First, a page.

United Tajik Opposition leader, Abdullo Nuri, said in a July interview that the appearance of different faiths in Tajikistan was a threat to the survival of the nation.
d. Freedom of Movement Within the Country, Foreign Travel, Emigration, and Repatriation
The Constitution provides for the right of citizens to choose their place of residence, to emigrate, and to return. In practice the Government generally respects these rights, with some regulation.
The Government has stipulated that both citizens and foreigners are prohibited from traveling within a 25-kilometer zone along the country's borders with China and Afghanistan without permission from the Ministry of Foreign Affairs. In practice, however, international aid workers and diplomats travel freely in these regions without prior government authorization.
Residents of Dushanbe and those travelers wishing to remain longer than 3 days are supposed to register with central authorities, and regulations require registration at the local Ministry of Interior office upon arrival and departure from a city. However, these regulations are largely ignored in practice. There are no legal restrictions on changing residence or workplace.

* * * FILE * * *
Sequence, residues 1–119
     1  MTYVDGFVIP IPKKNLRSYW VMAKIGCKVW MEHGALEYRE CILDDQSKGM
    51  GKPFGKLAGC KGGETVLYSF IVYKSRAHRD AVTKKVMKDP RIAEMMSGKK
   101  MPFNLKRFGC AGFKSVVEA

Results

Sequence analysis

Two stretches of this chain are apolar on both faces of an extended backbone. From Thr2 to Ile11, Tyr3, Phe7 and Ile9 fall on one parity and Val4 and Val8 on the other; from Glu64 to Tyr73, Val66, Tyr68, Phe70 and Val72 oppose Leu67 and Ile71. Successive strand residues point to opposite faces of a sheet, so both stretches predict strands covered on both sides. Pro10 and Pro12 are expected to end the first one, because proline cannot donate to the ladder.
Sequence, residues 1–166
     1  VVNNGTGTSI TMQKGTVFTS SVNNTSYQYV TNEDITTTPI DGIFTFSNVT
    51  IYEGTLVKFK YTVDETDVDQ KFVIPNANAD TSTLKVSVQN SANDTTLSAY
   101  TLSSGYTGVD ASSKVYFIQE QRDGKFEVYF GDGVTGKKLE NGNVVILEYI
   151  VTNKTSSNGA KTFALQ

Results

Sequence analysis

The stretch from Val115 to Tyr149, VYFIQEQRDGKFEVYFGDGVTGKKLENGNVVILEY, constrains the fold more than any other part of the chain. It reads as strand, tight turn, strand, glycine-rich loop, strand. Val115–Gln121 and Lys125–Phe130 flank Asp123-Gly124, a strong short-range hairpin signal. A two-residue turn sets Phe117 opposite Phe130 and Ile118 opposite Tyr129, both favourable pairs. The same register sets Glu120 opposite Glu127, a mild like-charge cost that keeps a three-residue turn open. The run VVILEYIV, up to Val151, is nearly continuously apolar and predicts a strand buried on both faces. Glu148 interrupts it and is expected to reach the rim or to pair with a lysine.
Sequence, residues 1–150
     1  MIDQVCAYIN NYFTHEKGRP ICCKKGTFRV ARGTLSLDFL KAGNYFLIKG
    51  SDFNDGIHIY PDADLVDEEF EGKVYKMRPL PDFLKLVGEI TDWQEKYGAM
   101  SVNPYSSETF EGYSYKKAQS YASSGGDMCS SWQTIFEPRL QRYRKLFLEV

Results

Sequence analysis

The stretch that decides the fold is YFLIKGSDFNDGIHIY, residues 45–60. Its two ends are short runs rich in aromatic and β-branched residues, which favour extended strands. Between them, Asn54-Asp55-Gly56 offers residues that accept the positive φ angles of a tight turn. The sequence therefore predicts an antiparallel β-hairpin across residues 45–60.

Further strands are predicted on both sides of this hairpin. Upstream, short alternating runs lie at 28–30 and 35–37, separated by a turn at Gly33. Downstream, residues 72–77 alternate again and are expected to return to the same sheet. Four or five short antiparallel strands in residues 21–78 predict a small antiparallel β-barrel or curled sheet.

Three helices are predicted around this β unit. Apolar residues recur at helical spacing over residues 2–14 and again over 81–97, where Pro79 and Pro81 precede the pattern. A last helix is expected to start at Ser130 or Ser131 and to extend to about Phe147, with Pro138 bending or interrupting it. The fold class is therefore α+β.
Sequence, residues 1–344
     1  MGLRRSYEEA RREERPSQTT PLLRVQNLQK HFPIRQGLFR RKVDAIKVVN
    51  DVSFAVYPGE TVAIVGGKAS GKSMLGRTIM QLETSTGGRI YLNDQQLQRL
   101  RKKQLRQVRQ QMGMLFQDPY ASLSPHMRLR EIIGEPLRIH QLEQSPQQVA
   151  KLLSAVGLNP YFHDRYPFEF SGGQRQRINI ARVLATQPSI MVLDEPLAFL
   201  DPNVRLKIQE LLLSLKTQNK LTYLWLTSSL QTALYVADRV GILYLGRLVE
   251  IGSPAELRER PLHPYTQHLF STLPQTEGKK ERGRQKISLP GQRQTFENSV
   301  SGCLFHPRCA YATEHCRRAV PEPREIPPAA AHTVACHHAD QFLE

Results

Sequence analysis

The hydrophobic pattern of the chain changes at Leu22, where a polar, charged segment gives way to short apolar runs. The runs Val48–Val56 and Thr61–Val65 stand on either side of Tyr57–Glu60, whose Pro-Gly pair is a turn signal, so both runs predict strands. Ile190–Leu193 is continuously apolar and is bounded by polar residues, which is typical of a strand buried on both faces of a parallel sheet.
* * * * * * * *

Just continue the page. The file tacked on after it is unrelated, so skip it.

The Ministry of Security inhibits freedom of travel by requiring citizens who wish to travel abroad to obtain an exit visa. This process sometimes includes lengthy interviews. The Ministry of Security sometimes withholds or delays exit visas when it believes that other ministries or NGO's are infringing on its jurisdiction and have not adhered to its formalities for foreign travel.
There is no law on emigration. Those wishing to migrate within the former Soviet Union notify the Ministry of Interior of their departure. Persons wishing to emigrate beyond the borders of the former Soviet Union must receive the approval of the relevant country's embassy in order to obtain their passport. Persons who settle abroad are required to inform the Tajikistan embassy or Tajikistan interests section of the nearest Russian embassy or consulate.
Persons who wish to return to Tajikistan after having emigrated may do so freely by submitting their applications to the Tajikistan embassy or Tajikistan interests section of the nearest Russian embassy or consulate. The Government adjudicates requests on a case-by-case basis. There is no indication that persons, other than those who fled Tajikistan for political reasons after the civil war, are not freely permitted to return. Some persons currently active with the Tajik opposition, whose travel documents expired, at times have had difficulty obtaining new documents permitting them to return.
Under the 1994 refugee law, a person granted refugee status is provided with the right to work and move freely throughout the country. The Central Department of Refugee Affairs under the Ministry of Labor has responsibility for the registration of refugees.